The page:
For tens of millions of Americans, their monthly Social Security check is a financial lifeline that they couldn't do without. Of the nearly 61.5 million people receiving Social Security each month, 42 million are retired workers -- and of these retired workers, 61% relies on Social Security to comprise at least half of their monthly income.

Because Social Security income is so important to current retirees, and is expected to be relied on heavily by baby boomers, getting as much out of the program as possible is priority No. 1 for most seniors. This means the usual factors apply if you want to maximize what you'll receive each month. This includes working a minimum of 35 years, earning as much as you can in the years you do work, and waiting as long as is financially feasible to claim benefits.

However, there's another important factor that helps dictate Social Security benefits that is beyond our control: the national inflation rate.

A senior citizen counting his Social Security income, with $10 bills fanned out in his hands.

Image source: Getty Images.

The importance of annual cost-of-living adjustments

Social Security beneficiaries usually receive a cost-of-living adjustment, or COLA, every year, which is designed to closely mirror the inflation rate in the United States. The specific tether for Social Security's COLA is the Consumer Price Index for Urban Wage Earners and Clerical Workers (CPI-W). The average reading of the CPI-W from the third quarter (July through September) of the previous year serves as the baseline reading, while the average reading from the third quarter of the current year acts as the comparison. If the predetermined basket of goods and services that's measured by the CPI-W rises from one year to the next, beneficiaries receive a commensurate percentage raise, rounded to the nearest 0.1%. In the case where the CPI-W falls year over year, as happened in 2009, 2010, and 2015, benefits remain static from one year to the next. Social Security benefits aren't reduced if the U.S. experiences deflation.

Recently, the CPI-W has been on the decline, having fallen from an annualized rate of north of 2% early in the year to 1.6%, according to data released by the Bureau of Labor Statistics in August for the month of July. This suggested that while a raise was expected in 2018 for Social Security beneficiaries, it would be smaller than initially expected, which is something that retirees have unfortunately been accustomed to over the past decade.

However, that may be about to change because of hurricanes Harvey and Irma.

A hurricane off the coast of Florida.

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Hurricanes Harvey and Irma should boost Social Security's COLA

Unquestionably, these hurricanes were respective disasters for Texas and Florida, and it's going to take months for some individuals and families to get their lives back together. Initial estimates from AccuWeather peg the damage caused by both hurricanes at a shocking $290 billion, comprised of $190 billion from Harvey and $100 billion from Irma. 

But the more immediate impact from the U.S. being hit with this double-whammy is that it's pushed crude oil prices, and thusly prices at the pump, higher. During August, gasoline prices rose by 6.3%, which was the largest one-month increase since January 2017. Though Bureau of Labor Statistics officials were unsure if Harvey was directly responsible for the rising price of gasoline, further gains are expected in gas prices in September as a result of refinery shutdowns tied to Irma's impact.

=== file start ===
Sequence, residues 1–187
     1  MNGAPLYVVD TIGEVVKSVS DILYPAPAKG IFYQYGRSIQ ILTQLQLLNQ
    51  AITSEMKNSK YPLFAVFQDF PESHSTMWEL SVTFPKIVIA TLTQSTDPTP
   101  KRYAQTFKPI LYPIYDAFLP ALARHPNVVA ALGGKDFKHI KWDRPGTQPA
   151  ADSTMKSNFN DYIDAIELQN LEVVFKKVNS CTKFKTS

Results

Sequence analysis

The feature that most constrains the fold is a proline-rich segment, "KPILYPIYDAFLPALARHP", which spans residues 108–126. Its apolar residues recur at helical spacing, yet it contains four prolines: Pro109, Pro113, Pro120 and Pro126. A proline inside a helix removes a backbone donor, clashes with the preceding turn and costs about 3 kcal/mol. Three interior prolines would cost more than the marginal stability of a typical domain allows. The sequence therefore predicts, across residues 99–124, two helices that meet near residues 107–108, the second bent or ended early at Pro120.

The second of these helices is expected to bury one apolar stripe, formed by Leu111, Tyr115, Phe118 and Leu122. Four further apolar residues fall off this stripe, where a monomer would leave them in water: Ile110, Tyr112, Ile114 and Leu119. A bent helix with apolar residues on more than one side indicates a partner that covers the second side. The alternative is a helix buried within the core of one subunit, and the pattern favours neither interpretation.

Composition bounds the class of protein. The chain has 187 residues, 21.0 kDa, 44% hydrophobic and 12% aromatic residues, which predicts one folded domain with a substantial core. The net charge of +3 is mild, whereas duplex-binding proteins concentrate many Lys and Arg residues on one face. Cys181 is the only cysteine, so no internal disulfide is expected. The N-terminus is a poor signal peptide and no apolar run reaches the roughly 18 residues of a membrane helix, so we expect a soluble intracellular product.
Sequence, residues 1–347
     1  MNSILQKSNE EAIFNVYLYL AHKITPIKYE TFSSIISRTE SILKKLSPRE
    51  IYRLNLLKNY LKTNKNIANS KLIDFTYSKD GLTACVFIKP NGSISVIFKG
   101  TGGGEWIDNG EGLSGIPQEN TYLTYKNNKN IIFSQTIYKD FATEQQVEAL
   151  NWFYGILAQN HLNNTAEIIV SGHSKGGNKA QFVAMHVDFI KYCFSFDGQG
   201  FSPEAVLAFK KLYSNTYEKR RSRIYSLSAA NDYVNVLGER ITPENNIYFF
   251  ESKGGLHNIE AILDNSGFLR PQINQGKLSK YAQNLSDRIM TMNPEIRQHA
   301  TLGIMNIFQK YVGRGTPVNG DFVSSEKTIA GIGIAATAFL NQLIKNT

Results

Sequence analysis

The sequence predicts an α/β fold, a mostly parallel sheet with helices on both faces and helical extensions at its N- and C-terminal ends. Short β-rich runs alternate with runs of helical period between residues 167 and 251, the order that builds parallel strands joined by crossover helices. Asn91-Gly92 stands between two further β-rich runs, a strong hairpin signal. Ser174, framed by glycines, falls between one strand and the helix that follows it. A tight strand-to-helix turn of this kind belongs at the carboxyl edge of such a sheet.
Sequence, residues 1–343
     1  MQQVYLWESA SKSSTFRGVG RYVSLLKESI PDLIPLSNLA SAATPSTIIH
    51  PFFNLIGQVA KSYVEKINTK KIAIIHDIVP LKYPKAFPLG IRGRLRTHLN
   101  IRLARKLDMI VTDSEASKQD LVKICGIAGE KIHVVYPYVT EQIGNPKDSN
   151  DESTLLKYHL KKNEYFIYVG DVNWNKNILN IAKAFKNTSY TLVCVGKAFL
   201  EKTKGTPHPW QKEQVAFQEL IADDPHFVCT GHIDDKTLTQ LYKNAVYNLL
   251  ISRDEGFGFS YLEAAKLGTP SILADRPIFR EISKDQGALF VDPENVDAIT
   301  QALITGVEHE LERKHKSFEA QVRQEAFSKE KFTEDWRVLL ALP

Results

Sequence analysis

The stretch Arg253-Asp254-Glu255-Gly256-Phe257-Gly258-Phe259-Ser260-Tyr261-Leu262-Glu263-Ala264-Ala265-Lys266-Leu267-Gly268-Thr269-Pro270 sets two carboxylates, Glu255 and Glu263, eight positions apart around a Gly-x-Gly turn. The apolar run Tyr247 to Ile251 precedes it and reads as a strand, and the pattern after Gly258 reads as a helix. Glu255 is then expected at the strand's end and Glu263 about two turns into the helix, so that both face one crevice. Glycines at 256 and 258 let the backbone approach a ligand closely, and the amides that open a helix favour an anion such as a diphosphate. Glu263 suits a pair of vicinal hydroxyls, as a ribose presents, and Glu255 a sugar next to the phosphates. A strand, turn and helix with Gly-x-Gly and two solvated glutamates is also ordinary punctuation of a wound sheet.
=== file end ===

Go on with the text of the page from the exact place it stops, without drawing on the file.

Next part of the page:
More importantly, per the BLS' August report that was released last week, the CPI-W increased to 1.9% on an annualized basis from the 1.6% reported in the previous month. This implies that Social Security beneficiaries are in line for a larger benefit increase in 2018 than was expected just a month or two ago.

Just as important is the fact that Social Security's COLA is determined by comparing the third quarter of the current and previous years. This means the weaker inflation data of the second quarter is tossed out the window, and the more robust inflation rate as a result of rising fuel prices will hold more weight toward lifting COLAs for 2018. Understandably, gas prices are far from the only component used to calculate the CPI-W, but fuel-pump inflation will be a critical cog in raising payouts for retirees next year.

A confused elderly man stares at a woman holding change in her hand.

Image source: Getty Images.

Still no relief from medical care and housing inflation

Unfortunately, the bump from hurricanes Harvey and Irma still isn't going to ease the sting seniors are feeling from rising medical care and housing/rental inflation. Not counting 2017, medical care inflation has outpaced the COLA beneficiaries have received in 33 of the past 35 years. We've also witnessed housing inflation top Social Security's COLA in recent years. The end result is that even with what could be a 2% or higher COLA in 2018, seniors are likely to see their purchasing power dwindle once again.

For those of you who aren't retired and receiving Social Security benefits as of yet, this is your wake-up call to save more, invest wisely, and ensure that you have a large enough nest egg such that Social Security doesn't become your primary source of income. Remember, in addition to Social Security dollars losing purchasing power over time, the program is also facing a $12.5 trillion cash shortfall between 2034 and 2091, based on its current payout schedule. This means an across-the-board cut to benefits may be possible within the next two decades to sustain the program for generations to come.

Long story short, expect a bigger COLA in 2018, but don't take your foot of the gas when it comes to saving money and investing for your future.